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The Collaborative International Dictionary of English v.0.48:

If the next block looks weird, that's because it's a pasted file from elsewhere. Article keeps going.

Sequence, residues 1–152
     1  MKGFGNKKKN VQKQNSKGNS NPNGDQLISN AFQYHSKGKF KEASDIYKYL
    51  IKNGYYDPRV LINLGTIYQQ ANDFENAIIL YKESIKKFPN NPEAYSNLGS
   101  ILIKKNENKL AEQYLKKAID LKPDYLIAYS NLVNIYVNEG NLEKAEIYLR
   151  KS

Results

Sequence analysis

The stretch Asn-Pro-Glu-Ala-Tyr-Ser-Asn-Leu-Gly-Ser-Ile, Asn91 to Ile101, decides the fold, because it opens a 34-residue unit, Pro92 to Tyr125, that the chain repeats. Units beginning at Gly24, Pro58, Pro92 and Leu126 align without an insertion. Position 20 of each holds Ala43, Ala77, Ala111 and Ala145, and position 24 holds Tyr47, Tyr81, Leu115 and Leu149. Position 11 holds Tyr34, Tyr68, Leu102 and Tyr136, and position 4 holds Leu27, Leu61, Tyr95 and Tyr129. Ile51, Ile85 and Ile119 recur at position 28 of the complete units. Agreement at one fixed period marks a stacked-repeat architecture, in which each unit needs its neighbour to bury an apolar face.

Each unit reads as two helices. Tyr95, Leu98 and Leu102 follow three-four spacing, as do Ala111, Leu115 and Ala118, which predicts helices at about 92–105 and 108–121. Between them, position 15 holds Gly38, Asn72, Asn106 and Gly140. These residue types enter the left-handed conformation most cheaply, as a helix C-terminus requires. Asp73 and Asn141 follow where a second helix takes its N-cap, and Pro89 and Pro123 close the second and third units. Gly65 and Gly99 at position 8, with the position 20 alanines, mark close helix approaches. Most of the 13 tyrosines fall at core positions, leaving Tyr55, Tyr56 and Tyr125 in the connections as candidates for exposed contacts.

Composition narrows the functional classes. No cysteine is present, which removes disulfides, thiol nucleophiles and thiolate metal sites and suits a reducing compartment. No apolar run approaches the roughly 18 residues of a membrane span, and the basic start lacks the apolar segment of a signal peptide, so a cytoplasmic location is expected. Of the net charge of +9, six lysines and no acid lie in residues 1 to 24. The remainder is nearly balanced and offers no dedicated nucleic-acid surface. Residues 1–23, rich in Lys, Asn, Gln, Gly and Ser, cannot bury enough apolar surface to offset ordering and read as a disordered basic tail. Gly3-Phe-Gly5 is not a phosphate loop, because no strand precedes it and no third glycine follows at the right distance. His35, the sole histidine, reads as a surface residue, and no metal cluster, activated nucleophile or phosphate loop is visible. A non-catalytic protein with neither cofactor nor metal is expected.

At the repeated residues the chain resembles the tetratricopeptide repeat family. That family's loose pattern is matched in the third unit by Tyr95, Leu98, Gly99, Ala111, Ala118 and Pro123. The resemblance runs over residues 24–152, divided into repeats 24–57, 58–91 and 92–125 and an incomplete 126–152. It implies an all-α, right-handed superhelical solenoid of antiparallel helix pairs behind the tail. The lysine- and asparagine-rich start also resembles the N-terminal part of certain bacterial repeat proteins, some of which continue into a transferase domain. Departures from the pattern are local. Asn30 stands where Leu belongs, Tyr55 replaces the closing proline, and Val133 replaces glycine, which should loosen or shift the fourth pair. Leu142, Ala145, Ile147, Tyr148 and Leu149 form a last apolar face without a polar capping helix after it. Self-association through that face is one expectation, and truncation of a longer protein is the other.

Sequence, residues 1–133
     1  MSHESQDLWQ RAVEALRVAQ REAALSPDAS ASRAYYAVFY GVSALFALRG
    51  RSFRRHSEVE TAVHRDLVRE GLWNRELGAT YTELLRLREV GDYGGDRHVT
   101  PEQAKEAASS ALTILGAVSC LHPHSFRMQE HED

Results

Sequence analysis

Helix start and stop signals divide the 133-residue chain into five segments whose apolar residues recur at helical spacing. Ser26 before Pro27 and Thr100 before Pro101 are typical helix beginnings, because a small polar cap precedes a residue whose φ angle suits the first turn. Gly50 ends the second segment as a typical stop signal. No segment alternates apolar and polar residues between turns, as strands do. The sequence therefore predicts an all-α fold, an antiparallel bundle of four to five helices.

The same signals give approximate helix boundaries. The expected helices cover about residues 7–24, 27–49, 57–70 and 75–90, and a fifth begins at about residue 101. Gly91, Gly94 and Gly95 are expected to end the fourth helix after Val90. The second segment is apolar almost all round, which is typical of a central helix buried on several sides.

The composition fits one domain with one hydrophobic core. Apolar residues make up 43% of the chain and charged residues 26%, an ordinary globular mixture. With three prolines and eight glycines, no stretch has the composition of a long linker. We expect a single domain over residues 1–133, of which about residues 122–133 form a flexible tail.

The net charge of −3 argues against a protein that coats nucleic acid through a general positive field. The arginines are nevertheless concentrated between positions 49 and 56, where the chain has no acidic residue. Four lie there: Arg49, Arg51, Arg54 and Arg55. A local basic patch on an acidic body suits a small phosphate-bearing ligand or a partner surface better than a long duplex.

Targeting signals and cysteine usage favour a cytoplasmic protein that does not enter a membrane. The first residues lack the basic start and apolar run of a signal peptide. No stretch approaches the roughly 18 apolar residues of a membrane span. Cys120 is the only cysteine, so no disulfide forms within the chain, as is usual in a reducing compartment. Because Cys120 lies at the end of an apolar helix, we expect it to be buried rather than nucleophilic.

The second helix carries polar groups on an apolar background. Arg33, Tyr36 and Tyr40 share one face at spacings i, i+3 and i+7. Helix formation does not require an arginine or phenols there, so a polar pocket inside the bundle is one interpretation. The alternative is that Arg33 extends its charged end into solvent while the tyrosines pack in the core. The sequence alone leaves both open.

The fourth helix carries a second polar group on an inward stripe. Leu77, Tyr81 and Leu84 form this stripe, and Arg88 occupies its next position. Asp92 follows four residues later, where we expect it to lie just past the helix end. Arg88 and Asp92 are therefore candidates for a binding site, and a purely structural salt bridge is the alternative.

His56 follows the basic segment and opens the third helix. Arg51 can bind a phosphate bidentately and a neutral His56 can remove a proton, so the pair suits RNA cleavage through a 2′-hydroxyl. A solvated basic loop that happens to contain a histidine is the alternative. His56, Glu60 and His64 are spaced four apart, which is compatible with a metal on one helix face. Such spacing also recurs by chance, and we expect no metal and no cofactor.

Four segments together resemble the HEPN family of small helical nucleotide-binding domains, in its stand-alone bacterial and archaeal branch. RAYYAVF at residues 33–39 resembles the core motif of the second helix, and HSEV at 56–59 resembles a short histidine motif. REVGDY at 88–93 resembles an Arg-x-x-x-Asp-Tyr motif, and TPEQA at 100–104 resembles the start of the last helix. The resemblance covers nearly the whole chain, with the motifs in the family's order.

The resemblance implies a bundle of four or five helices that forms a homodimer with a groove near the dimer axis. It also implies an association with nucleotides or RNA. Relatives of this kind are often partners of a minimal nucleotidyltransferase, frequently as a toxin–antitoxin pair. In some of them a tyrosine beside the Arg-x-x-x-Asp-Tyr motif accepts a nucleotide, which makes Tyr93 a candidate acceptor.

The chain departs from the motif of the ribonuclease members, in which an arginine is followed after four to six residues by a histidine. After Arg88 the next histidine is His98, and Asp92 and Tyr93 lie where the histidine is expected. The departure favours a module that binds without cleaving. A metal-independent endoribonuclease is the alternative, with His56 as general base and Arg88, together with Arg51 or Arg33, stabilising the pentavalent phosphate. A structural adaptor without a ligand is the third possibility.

Indispose \In`dis*pose"\, v. t. [imp. & p. p. Indisposed; p. pr. & vb. n. Indisposing.] [OE. indispos indisposed, feeble, or F. indispos['e] indisposed. See In- not, and Dispose.] [1913 Webster] 1. To render unfit or unsuited; to disqualify. [1913 Webster] 2. To disorder slightly as regards health; to make somewhat. --Shak. [1913 Webster] It made him rather indisposed than sick. --Walton. [1913 Webster] 3. To disincline; to render averse or unfavorable; as, a love of pleasure indisposes the mind to severe study; the pride and selfishness of men indispose them to religious duties. [1913 Webster] The king was sufficiently indisposed towards the persons, or the principles, of Calvin's disciples. --Clarendon. [1913 Webster]